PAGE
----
Camera-Shy Cops Can Relax
The exoneration of the officer who killed Zachary Hammond shows police have strong defenses against viral videos.
FBI Director James Comey says cops are reluctant to do their jobs because they worry that their actions will be captured on camera. Judging from the official response to the shooting of Zachary Hammond, they have little to fear.
Speaking at the University of Chicago Law School in October, Comey said police officers "in today's YouTube world" are afraid to get out of their cars, lest they face camera-wielding bystanders intent on recording them. He warned that good policing could "drift away from us in the age of viral videos" as cops refrain from confronting suspicious characters.
"I spoke to officers privately in one big-city precinct who described being surrounded by young people with mobile phone cameras held high, taunting them the moment they get out of their cars," Comey said. "I've been told about a senior police leader who urged his force to remember that their political leadership has no tolerance for a viral video."
You might wonder what exactly cops would do if they were sure they were not being recorded, or why they are so worried that practices Comey thinks are essential to public safety would be fodder for viral videos. But the truth is that cops rarely face serious consequences even when they star in videos that appall the average YouTube viewer.
To understand why, consider the exoneration of the police officer who shot and killed Hammond, an unarmed 19-year-old, in Seneca, South Carolina, on July 27. Three months later, 10th Circuit Solicitor Chrissy Adams said Lt. Mark Tiller was justified in using lethal force because Hammond was trying to run him over. But that is not what the dashcam video of the encounter seems to show.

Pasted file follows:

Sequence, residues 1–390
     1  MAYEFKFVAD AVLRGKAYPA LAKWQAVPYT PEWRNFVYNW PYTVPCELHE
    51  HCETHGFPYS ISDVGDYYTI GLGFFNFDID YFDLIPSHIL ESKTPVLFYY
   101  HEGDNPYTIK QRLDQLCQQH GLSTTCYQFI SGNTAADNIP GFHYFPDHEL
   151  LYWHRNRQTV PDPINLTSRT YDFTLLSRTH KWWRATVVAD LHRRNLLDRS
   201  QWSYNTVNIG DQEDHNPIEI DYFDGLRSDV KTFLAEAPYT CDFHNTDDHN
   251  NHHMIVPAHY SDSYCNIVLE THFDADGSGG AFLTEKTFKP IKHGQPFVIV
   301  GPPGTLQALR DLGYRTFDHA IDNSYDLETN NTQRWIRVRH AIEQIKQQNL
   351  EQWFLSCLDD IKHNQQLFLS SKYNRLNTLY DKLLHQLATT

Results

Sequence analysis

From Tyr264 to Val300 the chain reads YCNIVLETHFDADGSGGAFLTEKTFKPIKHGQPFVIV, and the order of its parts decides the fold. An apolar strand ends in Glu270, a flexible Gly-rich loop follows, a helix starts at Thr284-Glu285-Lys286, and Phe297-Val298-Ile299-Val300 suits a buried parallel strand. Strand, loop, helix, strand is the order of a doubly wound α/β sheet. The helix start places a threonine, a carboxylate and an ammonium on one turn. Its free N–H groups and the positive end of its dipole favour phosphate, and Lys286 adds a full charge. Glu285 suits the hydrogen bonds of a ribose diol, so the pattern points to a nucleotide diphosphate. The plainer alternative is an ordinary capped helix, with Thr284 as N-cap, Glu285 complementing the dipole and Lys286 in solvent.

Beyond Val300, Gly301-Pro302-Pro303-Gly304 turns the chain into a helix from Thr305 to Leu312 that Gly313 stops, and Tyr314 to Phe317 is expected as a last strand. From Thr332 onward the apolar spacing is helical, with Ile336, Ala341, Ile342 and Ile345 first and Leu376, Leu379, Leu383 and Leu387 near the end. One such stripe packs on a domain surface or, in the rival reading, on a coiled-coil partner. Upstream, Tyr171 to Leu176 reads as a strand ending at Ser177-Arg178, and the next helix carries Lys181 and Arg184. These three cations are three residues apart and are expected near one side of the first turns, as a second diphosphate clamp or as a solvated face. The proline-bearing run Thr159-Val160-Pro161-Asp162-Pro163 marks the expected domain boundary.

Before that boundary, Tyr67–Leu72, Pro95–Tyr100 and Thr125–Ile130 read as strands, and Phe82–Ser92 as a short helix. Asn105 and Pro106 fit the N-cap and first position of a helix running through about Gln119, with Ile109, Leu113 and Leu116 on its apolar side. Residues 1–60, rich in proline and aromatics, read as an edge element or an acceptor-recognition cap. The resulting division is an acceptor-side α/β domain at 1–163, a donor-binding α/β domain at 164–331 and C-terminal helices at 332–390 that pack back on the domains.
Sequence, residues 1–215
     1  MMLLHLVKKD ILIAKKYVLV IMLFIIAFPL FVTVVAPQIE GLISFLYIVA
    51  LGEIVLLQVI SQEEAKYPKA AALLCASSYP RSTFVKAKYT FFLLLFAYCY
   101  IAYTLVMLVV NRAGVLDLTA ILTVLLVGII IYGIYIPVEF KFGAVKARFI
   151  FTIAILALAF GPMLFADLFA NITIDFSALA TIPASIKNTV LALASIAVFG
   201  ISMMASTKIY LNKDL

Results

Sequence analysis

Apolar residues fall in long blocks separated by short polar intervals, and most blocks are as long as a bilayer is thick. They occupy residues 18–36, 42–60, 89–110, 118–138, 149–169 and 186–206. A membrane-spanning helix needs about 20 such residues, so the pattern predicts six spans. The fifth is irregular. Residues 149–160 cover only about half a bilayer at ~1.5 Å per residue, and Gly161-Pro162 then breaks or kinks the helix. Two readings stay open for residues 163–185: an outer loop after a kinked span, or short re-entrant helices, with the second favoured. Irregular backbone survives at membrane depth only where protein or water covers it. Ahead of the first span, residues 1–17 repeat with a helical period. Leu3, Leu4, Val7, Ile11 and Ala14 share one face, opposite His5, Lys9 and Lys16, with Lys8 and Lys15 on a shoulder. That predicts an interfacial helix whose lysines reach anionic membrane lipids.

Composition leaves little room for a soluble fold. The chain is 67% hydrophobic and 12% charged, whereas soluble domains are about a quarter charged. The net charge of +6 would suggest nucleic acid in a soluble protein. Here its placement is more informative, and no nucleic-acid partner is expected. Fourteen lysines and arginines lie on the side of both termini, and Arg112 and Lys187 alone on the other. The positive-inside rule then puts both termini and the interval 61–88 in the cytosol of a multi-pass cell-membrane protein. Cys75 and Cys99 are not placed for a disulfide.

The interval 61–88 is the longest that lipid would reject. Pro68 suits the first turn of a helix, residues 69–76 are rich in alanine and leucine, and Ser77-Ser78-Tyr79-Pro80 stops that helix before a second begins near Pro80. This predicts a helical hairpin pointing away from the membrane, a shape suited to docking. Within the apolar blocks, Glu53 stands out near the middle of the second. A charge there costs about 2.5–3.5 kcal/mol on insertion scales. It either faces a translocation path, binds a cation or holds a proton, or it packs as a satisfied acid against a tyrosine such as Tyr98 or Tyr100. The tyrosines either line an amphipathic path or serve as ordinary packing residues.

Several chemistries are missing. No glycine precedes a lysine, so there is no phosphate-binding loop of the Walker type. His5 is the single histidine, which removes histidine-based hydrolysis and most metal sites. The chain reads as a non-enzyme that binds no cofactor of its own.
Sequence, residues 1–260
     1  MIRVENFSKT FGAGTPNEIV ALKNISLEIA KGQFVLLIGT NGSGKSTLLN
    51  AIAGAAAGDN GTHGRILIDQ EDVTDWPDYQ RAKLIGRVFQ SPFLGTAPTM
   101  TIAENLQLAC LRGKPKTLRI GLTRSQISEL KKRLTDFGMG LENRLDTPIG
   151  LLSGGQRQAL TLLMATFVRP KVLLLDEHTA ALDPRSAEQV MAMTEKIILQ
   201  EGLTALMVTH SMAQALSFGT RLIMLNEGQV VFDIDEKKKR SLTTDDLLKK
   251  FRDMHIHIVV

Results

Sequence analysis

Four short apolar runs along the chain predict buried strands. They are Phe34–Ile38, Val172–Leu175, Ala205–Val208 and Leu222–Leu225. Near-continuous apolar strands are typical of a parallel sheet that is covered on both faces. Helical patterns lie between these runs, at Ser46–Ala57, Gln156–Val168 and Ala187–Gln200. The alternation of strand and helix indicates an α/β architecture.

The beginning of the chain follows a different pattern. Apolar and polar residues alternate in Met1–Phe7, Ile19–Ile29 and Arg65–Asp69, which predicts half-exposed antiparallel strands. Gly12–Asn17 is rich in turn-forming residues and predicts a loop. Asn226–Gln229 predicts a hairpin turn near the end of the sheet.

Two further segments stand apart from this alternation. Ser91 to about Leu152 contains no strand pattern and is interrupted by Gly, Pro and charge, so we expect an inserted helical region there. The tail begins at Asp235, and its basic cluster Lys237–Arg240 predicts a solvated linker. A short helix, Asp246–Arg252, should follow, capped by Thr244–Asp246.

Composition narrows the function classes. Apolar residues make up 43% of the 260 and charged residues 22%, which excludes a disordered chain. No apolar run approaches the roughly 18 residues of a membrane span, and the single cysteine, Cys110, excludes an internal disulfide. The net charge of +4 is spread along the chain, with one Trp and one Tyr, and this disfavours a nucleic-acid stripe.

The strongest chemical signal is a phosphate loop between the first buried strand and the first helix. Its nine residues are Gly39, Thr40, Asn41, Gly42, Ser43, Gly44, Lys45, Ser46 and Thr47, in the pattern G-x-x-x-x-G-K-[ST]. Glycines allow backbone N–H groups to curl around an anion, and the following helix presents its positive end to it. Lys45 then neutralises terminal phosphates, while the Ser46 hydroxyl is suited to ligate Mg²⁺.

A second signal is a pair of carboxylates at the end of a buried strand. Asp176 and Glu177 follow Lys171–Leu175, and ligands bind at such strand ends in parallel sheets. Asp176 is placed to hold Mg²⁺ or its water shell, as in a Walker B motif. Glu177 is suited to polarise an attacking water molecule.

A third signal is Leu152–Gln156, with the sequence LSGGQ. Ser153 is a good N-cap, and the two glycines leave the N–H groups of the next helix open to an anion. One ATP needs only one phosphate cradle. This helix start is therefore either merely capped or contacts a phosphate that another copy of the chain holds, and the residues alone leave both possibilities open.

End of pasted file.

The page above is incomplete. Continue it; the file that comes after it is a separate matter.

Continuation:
Police planned to arrest Hammond's date, 23-year-old Tori Morton, whom an undercover cop had lured to a Hardee's parking lot by pretending to be a pot and cocaine buyer. Morton was sitting in the front passenger seat of Hammond's Honda Civic as Tiller approached the driver's side with his gun drawn, shouting, "Hands up! Put 'em up! Stop! Stop! Stop! I'm gonna shoot your fucking ass!"
Hammond, who was already backing up as Tiller approached the car, continued on his way, making a sharp left so he could pull out of the parking lot. Tiller ran into the path of the car, then backed up to avoid being hit.
When Tiller fired the first shot, which entered Hammond's chest through the left side, he was no longer in the car's path. Tiller fired a second shot, which hit Hammond in the back, as Hammond was moving past him. There is no indication that Hammond aimed the car at Tiller, and Tiller was not in danger of being struck when he fired those two rounds.
"The video viewed at full speed, standing alone, is troublesome," Adams conceded in the letter explaining her decision. She probably meant troubling, but the slip is revealing: The video, viewed at any speed, is indeed troublesome—that is, inconvenient—if you are determined to conclude that Tiller reasonably believed killing Hammond was the only way to avoid death or serious injury.
Adams managed that feat, despite the video and autopsy evidence to the contrary, by emphasizing how quickly Tiller killed Hammond. "Lt. Tiller had seconds to make this decision," she said. "The law prohibits viewing Lt. Tiller's decision to use deadly force from the perspective of a 'Monday morning quarterback.'"
As in the case of Tamir Rice, the 12-year-old Cleveland boy who was killed in 2014 because someone saw him playing with an Airsoft pellet gun, the officer's hastiness counts in his favor, and the recklessness of his approach does not figure in his legal culpability. These are the sort of breaks you can expect if you have a badge as well as a gun, and they are a pretty strong defense against viral videos.